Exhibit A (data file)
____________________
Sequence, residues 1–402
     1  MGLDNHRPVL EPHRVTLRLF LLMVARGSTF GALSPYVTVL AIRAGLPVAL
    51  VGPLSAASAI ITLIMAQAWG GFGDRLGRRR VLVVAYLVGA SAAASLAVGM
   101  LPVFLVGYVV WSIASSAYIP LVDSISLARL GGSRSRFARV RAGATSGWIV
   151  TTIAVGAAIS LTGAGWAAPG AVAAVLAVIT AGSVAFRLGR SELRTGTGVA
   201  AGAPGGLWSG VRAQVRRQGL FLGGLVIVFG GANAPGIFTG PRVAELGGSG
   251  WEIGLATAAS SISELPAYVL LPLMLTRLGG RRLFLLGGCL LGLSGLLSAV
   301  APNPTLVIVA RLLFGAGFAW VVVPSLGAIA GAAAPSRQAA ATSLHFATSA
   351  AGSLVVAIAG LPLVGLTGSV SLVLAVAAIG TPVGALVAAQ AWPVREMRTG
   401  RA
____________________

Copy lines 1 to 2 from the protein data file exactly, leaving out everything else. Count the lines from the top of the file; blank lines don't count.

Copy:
Sequence, residues 1–402
     1  MGLDNHRPVL EPHRVTLRLF LLMVARGSTF GALSPYVTVL AIRAGLPVAL